# How do you neutralize pH of a solution by not knowing concentration [closed]

If I had a pH 10 in a 100ml solution of water and 93% sodium hydroxide how much mg/l of 93% sulfuric acid would we need to use to reach a pH of 4.

From my dated college chem books and a lot of google searching i know

1.) One mole of sulfuric acid will neutralize two moles of sodium hydroxide, as follows:

$$\ce{2NaOH + H2SO4 → Na2SO4 + 2H2O}$$ (the result is two water and one salt)

2.) 1 Gallon = 3785.41 mL or 378.541 L

3.) pH + POH = 14

4.) In one minutes time we will have 100 gallons or 378541ml (100 gallons * 3785.41 = 378541 mL)

5.) pH = 10 (of our water/sodium hydroxide solution.)

6.) The hydronium ion concentration can be found from the pH by the reverse of the mathematical operation employed to find the pH.

 10^(-pH) = hydronium ion concentration

hydronium ion concentration = 10^-10 = 1e-10 M or 0.0000000001 mol/l

378.541 L * 0.0000000001 mol/l = 3.78541e-8 moles

we need a hydronium ion concentration of 10^-4 which is 0.0001 mol/l


How do i put this all together?

## closed as off-topic by R.M., M.A.R., airhuff, Buttonwood, Todd MinehardtMay 18 '17 at 20:29

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• If you could use simple step by step with labeling each step would be amazing, I know I am asking a lot and I do not know if this is possible given my lack of variables. Any help is much appreciated. – ID10T_ERROR May 17 '17 at 21:14
• After more research I have been told this is a titration curve problem and my concentration of sodium hydroxide needs to be known? – ID10T_ERROR May 18 '17 at 3:30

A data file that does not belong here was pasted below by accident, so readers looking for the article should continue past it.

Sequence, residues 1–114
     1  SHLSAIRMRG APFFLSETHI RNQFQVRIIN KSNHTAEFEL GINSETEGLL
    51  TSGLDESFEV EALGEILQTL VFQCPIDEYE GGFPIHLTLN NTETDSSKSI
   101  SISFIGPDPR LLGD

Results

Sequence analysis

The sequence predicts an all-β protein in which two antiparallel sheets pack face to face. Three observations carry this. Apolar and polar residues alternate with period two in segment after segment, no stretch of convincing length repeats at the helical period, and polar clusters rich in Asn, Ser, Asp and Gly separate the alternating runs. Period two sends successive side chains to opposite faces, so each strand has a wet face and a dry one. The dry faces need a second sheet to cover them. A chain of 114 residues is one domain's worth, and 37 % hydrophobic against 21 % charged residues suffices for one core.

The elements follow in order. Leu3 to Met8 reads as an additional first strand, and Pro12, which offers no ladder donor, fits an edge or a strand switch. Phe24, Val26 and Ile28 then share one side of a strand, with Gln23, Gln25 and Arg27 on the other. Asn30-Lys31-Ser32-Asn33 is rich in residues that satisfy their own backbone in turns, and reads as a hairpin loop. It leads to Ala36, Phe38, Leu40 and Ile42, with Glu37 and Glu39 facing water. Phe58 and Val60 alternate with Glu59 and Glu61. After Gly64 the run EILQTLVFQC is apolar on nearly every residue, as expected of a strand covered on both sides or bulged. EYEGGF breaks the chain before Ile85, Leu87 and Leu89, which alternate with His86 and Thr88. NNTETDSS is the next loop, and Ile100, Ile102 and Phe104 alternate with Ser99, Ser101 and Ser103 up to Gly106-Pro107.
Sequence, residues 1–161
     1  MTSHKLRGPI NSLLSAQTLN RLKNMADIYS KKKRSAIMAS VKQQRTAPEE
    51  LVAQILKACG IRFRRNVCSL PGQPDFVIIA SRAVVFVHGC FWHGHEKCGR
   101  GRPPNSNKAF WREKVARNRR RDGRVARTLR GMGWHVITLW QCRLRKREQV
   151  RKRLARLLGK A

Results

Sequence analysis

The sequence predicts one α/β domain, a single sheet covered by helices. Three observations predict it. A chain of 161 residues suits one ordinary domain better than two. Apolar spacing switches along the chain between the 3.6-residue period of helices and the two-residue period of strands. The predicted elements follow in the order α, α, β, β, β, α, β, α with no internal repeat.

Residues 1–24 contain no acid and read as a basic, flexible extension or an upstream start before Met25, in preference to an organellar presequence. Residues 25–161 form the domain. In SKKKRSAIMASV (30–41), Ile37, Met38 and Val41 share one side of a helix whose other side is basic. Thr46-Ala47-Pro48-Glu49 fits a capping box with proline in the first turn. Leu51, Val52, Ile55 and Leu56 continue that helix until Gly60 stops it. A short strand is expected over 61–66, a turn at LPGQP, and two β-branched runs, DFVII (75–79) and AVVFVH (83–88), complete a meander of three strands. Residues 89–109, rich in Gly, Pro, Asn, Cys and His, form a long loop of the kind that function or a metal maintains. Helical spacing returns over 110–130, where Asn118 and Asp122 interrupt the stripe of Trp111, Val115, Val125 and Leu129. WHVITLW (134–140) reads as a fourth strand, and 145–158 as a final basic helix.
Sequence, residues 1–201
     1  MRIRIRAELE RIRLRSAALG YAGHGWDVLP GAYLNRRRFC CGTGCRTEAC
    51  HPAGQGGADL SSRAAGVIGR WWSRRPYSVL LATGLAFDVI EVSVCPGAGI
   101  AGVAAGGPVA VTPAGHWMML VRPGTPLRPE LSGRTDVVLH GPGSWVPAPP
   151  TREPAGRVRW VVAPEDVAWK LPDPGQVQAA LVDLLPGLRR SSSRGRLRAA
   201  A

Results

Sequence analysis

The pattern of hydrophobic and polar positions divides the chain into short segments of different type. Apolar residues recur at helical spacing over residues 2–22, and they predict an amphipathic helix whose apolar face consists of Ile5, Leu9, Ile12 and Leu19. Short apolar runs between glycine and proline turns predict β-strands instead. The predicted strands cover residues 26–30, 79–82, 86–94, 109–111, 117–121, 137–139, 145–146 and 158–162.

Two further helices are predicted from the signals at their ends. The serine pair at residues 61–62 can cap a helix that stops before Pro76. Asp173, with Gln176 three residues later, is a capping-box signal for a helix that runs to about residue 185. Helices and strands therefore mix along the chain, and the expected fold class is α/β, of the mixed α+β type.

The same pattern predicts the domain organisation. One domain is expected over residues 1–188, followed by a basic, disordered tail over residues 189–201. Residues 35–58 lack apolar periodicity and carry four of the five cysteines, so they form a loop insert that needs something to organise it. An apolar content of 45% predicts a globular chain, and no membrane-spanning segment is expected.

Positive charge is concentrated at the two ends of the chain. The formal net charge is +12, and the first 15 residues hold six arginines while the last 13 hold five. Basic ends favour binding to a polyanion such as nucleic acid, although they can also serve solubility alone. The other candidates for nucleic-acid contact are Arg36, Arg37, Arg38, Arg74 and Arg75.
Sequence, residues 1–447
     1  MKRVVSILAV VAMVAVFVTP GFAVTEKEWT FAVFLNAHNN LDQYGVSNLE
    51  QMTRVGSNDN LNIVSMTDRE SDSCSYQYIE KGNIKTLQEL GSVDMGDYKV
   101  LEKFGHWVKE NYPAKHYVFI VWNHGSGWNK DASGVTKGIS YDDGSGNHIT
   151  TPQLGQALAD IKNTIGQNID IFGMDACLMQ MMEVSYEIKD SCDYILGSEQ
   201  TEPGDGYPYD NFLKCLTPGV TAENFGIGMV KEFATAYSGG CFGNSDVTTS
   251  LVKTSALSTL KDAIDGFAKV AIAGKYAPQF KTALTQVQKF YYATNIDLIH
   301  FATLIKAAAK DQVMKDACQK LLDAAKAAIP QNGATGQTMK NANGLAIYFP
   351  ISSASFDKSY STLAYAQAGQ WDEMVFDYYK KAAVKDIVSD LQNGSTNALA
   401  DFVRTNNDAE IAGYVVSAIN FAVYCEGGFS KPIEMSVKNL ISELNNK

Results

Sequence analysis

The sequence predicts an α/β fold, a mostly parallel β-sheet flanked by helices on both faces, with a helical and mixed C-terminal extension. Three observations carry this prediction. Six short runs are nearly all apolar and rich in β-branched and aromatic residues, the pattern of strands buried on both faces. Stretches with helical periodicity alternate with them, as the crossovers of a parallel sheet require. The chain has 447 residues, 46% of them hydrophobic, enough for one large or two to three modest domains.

• This is impossible to calculate unless you know the buffering capacity of the input. At best you could neutralize the added sulfuric acid, but that would only bring you back to around the input pH. (And you're also correct that it would be good to know the concentration of the sodium hydroxide solution.) – R.M. May 18 '17 at 17:49
• Also, why are you asking us (random yahoos on the Internet that we are)? This sounds like a situation where you really should be having a certified Chemical Engineer signing off on this process. If you have a Chemical Engineer involved, I'd recommend asking them to do the calculations, to make sure you get them right for the particulars of your situation. If you don't have one involved in the process, I'd suggest you recommend to your boss that you hire one as a consultant, to make sure you don't mess things up in a holy-shit-we-are-getting-a-massive-fine/injured-someone type way. – R.M. May 18 '17 at 17:56
• I'm voting to close this question as off-topic because it's asking about a situation which requires a licensed professional. We can not safely answer questions for your specific situation and you should consult someone with the appropriate certifications. – R.M. May 18 '17 at 18:00